István Bibó was born in Budapest in 1911 into an intellectual Calvinist family. His father was a high-ranking civil servant, while his mother was the daughter of a bishop. After graduating in law, he too started work in the civil service while at the same time lecturing in political science at the University of Cluj and Szeged.
On 16 October 1944, the day after the Hungarian fascists came to power, he was arrested for providing Jews with false documents; he was released two days later but was then forced to go into hiding until the end of the war. In February 1945, at the request of his friend, Ferenc Erdely, Minister of the Interior, he joined the Provisional National Government formed on 22 December 1944, and went back to teaching at the university.
Between 1945 and 1947 he wrote several political analyses in which he opposed the Communist party’s dictatorial tendencies. His texts later became fundamental for the dissident movement and formed the basis of modern Hungarian political thought. In his essay The Jewish question he recalled the persecution of the Jews at the hands of the Nazis with the complicity of the Arrow Cross government, allied with Hitler; in it he appealed to the civil conscience of the Hungarian people, asking them to acknowledge their country’s responsibilities with an act of moral purification that would restore their lost dignity. When the Communists came to power, he lost his job at the university and, to avoid being forced into retirement, agreed to work at the university library.
That is where news of the 1956 uprising reached him. On 2 November he joined the government of Imre Nagy. At dawn on 4 November, on learning of the Soviet aggression, he went to the Hungarian Parliament, where he found a handful of politicians and the Primate of Hungary, Cardinal Mindszenty. As the troops approached, the Primate and the other politicians fled to seek refuge in the city’s foreign embassies, while Bibo refused to abandon the building. It was in those troubled days that he wrote his famous Appeal and his Project for a compromise solution to the Hungarian question, which he managed to send abroad and which was to become the political manifesto of the protest and the platform for negotiations with the new pro-Soviet Prime Minister Kadar. Over the following months repression spread throughout the country and Bibo was inevitably soon in trouble again.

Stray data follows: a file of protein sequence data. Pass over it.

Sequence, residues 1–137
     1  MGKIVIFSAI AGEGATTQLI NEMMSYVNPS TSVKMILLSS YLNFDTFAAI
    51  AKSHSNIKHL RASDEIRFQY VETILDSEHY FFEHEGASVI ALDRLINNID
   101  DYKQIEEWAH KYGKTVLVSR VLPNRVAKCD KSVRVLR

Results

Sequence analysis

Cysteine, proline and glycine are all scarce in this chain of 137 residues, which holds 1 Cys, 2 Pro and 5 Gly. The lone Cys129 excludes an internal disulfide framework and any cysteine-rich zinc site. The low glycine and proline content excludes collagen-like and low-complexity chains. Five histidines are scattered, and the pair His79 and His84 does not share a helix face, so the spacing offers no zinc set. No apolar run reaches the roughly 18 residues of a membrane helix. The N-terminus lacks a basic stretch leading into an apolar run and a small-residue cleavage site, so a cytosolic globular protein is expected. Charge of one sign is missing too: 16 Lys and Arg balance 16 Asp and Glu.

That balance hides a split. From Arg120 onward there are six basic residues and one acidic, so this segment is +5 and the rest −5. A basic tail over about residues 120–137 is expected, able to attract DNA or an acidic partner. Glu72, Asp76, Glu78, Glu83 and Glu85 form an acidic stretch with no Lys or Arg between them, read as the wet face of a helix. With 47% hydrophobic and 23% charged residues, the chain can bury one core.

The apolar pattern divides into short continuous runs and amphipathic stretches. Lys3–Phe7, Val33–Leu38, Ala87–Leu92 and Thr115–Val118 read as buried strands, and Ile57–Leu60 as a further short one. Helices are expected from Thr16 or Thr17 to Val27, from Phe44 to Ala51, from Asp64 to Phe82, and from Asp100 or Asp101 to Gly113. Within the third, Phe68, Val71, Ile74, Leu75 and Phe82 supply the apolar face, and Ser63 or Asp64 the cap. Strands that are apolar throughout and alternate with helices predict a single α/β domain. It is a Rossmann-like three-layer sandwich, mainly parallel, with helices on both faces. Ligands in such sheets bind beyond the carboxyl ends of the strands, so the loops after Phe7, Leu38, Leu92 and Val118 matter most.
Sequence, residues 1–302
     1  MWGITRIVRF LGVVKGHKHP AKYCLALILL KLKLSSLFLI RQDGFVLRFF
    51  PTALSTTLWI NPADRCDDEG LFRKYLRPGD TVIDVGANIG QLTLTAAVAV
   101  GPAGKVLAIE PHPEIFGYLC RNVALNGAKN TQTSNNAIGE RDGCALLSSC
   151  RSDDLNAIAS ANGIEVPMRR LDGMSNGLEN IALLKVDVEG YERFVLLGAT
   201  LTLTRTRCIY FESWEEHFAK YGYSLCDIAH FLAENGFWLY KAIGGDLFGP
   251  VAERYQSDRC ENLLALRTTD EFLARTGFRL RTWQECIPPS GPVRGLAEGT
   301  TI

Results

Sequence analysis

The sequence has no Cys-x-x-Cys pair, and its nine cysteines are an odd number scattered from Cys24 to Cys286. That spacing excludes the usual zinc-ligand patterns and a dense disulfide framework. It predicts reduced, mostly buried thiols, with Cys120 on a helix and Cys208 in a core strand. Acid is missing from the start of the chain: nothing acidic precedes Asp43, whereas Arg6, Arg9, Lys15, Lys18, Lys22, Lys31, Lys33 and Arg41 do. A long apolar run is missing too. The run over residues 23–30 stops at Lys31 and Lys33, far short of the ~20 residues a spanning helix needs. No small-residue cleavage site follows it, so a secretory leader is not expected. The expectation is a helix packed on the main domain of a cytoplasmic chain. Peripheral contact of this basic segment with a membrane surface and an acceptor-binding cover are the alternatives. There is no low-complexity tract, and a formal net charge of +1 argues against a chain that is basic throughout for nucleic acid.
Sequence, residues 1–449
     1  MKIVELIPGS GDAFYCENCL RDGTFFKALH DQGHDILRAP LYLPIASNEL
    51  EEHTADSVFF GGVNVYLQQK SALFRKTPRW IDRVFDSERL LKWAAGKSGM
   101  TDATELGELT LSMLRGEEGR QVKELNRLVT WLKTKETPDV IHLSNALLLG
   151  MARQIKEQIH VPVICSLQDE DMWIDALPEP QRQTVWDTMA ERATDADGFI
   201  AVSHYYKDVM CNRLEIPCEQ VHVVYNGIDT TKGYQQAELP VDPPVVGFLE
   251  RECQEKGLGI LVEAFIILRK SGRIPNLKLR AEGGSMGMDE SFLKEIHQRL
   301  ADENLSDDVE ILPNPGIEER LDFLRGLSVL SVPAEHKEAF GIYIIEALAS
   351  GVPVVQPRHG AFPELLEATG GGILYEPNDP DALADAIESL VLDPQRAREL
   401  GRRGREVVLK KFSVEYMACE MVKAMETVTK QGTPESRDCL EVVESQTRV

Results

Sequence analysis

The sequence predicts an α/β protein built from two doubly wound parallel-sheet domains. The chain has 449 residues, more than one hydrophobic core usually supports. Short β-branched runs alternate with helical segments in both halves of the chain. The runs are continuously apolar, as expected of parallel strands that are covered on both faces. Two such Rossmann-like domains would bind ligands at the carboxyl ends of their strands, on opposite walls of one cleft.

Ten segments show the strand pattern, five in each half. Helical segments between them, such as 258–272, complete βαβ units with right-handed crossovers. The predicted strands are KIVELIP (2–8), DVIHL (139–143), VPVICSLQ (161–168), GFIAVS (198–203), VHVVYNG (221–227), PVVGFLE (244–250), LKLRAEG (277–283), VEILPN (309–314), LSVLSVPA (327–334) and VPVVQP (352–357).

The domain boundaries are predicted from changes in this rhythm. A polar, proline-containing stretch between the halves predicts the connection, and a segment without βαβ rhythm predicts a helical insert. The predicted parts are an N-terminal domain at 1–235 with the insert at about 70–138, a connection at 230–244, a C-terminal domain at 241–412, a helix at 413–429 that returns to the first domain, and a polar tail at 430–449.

Arrested on 23 May 1957, on 2 August he was sentenced to life imprisonment for “spying with a view to overturning the popular democratic government of the State”. He was released from jail in 1963 following an amnesty.
In 1967 he wrote a letter to Jean Paul Sartre – delivered, not without difficulty, by the friends who managed to smuggle him out of Hungary – asking Sartre to intervene for the release of those revolutionaries still detained, despite the amnesty. He received no reply and noted bitterly that western intellectuals were deaf to the appeals in defence of human rights in the East. He renewed his request with two letters to Prime Minister Kadar, in 1969 and 1970, both of which also fell on deaf ears. Once out of prison, unlike most of the intellectuals involved in the 1956 revolution, Bibo refused to compromise with the authorities. As a result, he was ostracized and the publication of his books was banned.
His thinking, however, was considered fundamental by all the opposition groups, as testified by the Book in memory of Bibo, in which seventy intellectuals paid tribute to him a year and a half after his death, in Budapest in 1979. Published by the underground press, the collection marked the beginning of the Hungarian samizdat, via which the works of this great Hungarian thinker – who was practically unknown in the West until the Wall came down – were published in the years that followed.
Gardens that honour István Bibó
You can find a tree also in the Virtual Garden Gariwo's Stories.